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Wildbluesun
Posted: Mon May 12, 2008 3:08 pm Reply with quote
Joined: 12 Dec 2006 Posts: 4266 Location: London, Land of Tea and Top Hats
Interview with two of the creators of Portal, from Gamasutra.com wrote:
We had this theory that games tell two stories. There's the "story story" which is the cutscenes and the dialogue, and the "gameplay story" which is the story that's described by the actions you take in the game world. The theory was that the closer you could bring those two stories together, the more satisfying the game would be.

What do you guys think about that? I never really found the Portal story that satisfying, especially at the end - it was too inconclusive for me, and I didn't like killing GLaDOS - but I think they've got a point. As we've seen with The Endless Forest, it's possible to tell a story without cutscenes/dialogue, but it's generally a quite subjective and loosely-defined story (for example, rearing meaning either "fight" or "happy"). If you wanted to tell a more solid story, then I think that you'd need an objective means of communication - like dialogue, or writing (like on the walls at Portal).

Not cut-scenes, though. Cut-scenes are a cop-out.

Also, from the same article, talking about how games are often delayed:
Quote:
There's something about writing software that causes delays.

If I had to make an uneducated guess, I'd say that's because software is a) new-ish, so people have less practice in guessing finished dates, and b) can evolve a lot in the making.

If you want to read the whole article, it's here.
It amuses me that the journalist seems to know more about the world of games than the "insiders".
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path to home
Posted: Tue May 13, 2008 12:16 am Reply with quote
Joined: 15 Apr 2008 Posts: 886 Location: At your request
I personally loved the Portal storyline. It starts you off completely unknowing of where you are, and like a science experiment, you perform tasks slowly figuring out whats going on. I didnt mind killing GLaDOS. with the whole....nerve gas....thing. Razz

BTW, they are coming out with a portal 2
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Michael
Posted: Tue May 13, 2008 8:37 am Reply with quote
Site Administrator Joined: 07 Jun 2002 Posts: 8065 Location: Gent, Belgium
I haven't played Portal all the way through. I'm not good enough at their "gameplay story". Wink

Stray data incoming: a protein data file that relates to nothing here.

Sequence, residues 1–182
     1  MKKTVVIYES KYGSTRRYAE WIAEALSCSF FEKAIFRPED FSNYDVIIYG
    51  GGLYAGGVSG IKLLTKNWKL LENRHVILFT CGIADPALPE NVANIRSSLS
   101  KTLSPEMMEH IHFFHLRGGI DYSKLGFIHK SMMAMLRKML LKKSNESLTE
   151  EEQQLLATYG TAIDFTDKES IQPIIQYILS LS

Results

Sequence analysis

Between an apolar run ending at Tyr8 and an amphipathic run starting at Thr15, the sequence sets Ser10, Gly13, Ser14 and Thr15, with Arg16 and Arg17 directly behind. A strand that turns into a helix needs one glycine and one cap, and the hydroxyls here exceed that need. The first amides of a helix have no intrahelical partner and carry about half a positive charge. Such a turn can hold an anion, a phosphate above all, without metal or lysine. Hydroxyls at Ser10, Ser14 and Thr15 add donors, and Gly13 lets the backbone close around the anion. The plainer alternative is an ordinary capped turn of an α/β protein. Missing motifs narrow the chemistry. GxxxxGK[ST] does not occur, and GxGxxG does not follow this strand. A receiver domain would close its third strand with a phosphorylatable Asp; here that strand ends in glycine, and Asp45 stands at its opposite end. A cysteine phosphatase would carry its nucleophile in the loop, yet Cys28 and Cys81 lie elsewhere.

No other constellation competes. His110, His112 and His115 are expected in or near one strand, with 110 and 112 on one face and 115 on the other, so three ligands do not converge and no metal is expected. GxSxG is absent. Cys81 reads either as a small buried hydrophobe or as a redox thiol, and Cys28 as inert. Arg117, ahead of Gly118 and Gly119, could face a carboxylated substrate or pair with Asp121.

But we certainly agree with the theory. We have talked about this on our blog many times. This theory explains why there are so many violent settings in games: because a traditional game structure is competitive and quickly leads to antagonism and aggression. A violent story is easier to express through gameplay than something more sophisticated. This is also the reason why we have relentlessly been advocating against traditional game structures and in favour of new forms of interaction that allow designers to express other types of "story story".

But even Portal doesn't do this, as far as I can tell. It's still a story about opposition, one party against another party. Typically, game designers will sacrifice the "story story" to match up better with the "gameplay story". While we advocate the opposite: create new forms of interaction so you can tell any "story story" that you like. The "gameplay story" design should follow the "story story" design.
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Michael
Posted: Tue May 13, 2008 8:46 am Reply with quote
Site Administrator Joined: 07 Jun 2002 Posts: 8065 Location: Gent, Belgium
Wildbluesun wrote:
If you wanted to tell a more solid story, then I think that you'd need an objective means of communication - like dialogue, or writing (like on the walls at Portal).

I personally disagree. I think interactive media are capable of more than this. Solid stories (i.e. clever plots) have been a means to an end in literature and cinema. But I don't think interactive media need that means to achieve the same end. I think interactive media have more in common with painting, poetry and architecture in terms of story telling. It is more about your personal experience than it is about your interpretation of the work.
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Wildbluesun
Posted: Wed May 14, 2008 12:06 am Reply with quote
Joined: 12 Dec 2006 Posts: 4266 Location: London, Land of Tea and Top Hats
I agree. I think that too. But if you (impersonal you) ever wanted to tell a solid, objective story, I think you'd need objective narration. I don't know why you'd choose a games medium to tell that story, but that's another question.

I like your theory about this being the reason that violent games are so prevalent. It makes sense to me. =) And yes, Portal IS a story about opposition; but I think it's more than simple opposition; there's betrayal and rebellion too. Not just "you are a soldier with x army, fighting against y country". It's more subtle than that.

And the way they told the story, more than what the story was, interested me.
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Michael
Posted: Wed May 14, 2008 9:32 am Reply with quote
Site Administrator Joined: 07 Jun 2002 Posts: 8065 Location: Gent, Belgium
Wildbluesun wrote:
And the way they told the story, more than what the story was, interested me.

That's another typical thing for game design, I think. It's more about the telling of the story than the invention of it. It seems that designing for interactive media is more similar to performing music or directing theater than to writing the score or the play. It's an art of interpretation.

I often imagine interactive media to be the continuation of pre-print times. We gather around the camp fire in our CPUs to listen to someone tell a story and actively participate in the live event.
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